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Publication numberUS20060167938 A1
Publication typeApplication
Application numberUS 11/040,068
Publication dateJul 27, 2006
Filing dateJan 21, 2005
Priority dateJan 21, 2005
Publication number040068, 11040068, US 2006/0167938 A1, US 2006/167938 A1, US 20060167938 A1, US 20060167938A1, US 2006167938 A1, US 2006167938A1, US-A1-20060167938, US-A1-2006167938, US2006/0167938A1, US2006/167938A1, US20060167938 A1, US20060167938A1, US2006167938 A1, US2006167938A1
InventorsMichael Muller, Daniel Gruen, Thomas Moran, John Tang
Original AssigneeInternational Business Machines Corporation
Export CitationBiBTeX, EndNote, RefMan
External Links: USPTO, USPTO Assignment, Espacenet
Placeholder management in an activity manager in a collaborative computing environment
US 20060167938 A1
Abstract
A method, system and apparatus for placeholder management in a unified activity manager in a collaborative computing environment. A method for managing placeholders in a unified activity manager in a collaborative environment can include the step of inserting a placeholder in an activity in lieu of a specified collaborator, resource, or event. The inserting step can include describing a type of resource without specifying an identity of an actual resource; and, inserting the described type in the placeholder. The inserting step also can include describing a type of event without specifying an identity of an actual event; and, inserting the described type in the placeholder. The inserting step also can include describing a type of collaborator without specifying an identity of an actual collaborator; and, inserting the described type in the placeholder.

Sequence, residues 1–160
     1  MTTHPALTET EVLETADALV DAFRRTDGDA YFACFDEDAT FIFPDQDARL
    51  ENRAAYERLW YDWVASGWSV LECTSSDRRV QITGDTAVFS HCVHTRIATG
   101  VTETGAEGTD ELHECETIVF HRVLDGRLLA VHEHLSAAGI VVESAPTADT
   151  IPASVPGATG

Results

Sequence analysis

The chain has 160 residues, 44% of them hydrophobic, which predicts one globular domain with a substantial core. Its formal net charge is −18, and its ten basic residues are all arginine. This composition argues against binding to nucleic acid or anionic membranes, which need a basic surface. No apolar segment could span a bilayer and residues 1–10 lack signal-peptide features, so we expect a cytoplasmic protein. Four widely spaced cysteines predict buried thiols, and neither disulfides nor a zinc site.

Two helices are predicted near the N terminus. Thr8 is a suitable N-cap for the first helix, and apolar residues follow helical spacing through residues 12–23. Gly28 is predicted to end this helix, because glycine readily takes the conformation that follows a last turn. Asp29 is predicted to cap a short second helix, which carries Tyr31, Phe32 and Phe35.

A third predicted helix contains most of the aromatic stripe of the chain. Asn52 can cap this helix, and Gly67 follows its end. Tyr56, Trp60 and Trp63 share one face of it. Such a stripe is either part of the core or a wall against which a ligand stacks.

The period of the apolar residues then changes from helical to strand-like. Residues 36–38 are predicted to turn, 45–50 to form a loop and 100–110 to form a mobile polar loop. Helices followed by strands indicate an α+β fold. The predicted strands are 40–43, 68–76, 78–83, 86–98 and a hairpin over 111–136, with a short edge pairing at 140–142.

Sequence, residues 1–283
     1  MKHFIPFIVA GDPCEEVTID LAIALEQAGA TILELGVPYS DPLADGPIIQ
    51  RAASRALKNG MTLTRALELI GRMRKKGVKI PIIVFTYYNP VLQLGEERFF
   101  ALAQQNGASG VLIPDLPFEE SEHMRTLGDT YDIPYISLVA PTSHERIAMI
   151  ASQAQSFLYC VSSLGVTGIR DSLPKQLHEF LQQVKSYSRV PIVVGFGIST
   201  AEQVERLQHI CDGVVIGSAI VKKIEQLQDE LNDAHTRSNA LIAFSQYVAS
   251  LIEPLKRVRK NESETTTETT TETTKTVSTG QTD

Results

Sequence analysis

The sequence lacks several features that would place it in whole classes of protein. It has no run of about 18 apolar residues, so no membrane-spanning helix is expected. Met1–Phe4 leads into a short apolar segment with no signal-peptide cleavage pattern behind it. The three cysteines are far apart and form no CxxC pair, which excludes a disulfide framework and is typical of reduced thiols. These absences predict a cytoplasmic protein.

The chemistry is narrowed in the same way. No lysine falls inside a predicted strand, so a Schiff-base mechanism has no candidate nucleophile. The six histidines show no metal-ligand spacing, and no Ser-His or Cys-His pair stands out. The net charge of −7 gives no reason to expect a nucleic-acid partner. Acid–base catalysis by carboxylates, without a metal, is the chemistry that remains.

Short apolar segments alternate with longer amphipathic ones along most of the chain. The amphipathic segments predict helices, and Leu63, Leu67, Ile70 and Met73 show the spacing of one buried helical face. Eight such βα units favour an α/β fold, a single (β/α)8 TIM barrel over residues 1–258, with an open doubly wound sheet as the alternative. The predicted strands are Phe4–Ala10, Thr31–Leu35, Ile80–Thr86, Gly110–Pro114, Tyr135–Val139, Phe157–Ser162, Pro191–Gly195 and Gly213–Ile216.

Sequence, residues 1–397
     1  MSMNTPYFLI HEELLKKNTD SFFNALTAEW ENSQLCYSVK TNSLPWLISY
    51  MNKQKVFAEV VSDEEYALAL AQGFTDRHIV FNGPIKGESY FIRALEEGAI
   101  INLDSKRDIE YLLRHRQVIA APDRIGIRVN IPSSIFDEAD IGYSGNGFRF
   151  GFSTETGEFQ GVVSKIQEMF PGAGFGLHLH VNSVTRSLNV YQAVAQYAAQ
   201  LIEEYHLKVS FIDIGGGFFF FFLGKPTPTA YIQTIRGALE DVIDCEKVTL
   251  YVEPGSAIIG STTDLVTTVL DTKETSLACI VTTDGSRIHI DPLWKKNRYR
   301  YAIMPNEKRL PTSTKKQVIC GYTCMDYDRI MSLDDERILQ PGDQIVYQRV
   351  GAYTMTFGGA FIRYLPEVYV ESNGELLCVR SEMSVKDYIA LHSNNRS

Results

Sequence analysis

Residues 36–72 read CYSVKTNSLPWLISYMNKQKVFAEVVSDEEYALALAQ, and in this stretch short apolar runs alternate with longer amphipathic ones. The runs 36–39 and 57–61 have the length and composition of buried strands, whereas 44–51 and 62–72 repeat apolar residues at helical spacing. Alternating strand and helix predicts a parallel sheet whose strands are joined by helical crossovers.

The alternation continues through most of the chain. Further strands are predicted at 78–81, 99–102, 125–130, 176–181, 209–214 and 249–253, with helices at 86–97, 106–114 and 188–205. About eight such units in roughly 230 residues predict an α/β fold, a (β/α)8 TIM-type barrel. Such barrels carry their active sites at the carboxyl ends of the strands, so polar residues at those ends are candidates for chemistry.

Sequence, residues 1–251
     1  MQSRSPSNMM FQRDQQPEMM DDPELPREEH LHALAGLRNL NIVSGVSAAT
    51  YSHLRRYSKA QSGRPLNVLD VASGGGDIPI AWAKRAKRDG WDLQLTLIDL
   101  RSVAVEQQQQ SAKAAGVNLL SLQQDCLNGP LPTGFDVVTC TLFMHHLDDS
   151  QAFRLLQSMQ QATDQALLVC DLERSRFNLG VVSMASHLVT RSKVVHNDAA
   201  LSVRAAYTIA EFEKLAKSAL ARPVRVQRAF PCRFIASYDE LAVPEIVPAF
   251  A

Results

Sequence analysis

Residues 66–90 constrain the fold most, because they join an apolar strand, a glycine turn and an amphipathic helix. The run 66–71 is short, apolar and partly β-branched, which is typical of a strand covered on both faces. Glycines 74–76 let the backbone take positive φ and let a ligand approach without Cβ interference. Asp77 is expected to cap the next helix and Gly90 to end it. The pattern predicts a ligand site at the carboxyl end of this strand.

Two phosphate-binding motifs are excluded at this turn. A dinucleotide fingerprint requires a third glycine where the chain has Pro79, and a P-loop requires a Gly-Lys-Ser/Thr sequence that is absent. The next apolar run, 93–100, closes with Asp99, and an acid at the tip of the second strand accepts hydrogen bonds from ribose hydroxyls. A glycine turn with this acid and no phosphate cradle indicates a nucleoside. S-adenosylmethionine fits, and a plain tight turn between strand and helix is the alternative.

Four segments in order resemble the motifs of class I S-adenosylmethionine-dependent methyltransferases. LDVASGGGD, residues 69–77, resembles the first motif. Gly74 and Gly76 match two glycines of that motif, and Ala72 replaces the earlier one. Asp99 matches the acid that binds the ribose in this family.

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Claims(23)
1. A unified activity manager for use in a collaborative environment comprising:
an activity list view comprising a hierarchical listing of activities;
an activity view comprising a rendering of properties associated with a selected activity in said activity list view;
a persons and roles view comprising at least a listing of collaborators available for association with said selected activity in said activity list view; and,
a placeholder management module.
2. The unified activity manager of claim 1, wherein said activity view further comprises a listing of collaborators associated with said selected activity in said activity list view, a listing of roles associated with said selected activity in said activity list view, a listing of resources associated with said selected activity in said activity list view, and a listing of events associated with said selected activity in said activity list view.
3. The unified activity manager of claim 1, wherein said placeholder management module comprises placeholder management logic programmed to manage placement of placeholders in any of said activity list view, activity view and persons and roles view in lieu of a specified collaborator, resource, or event.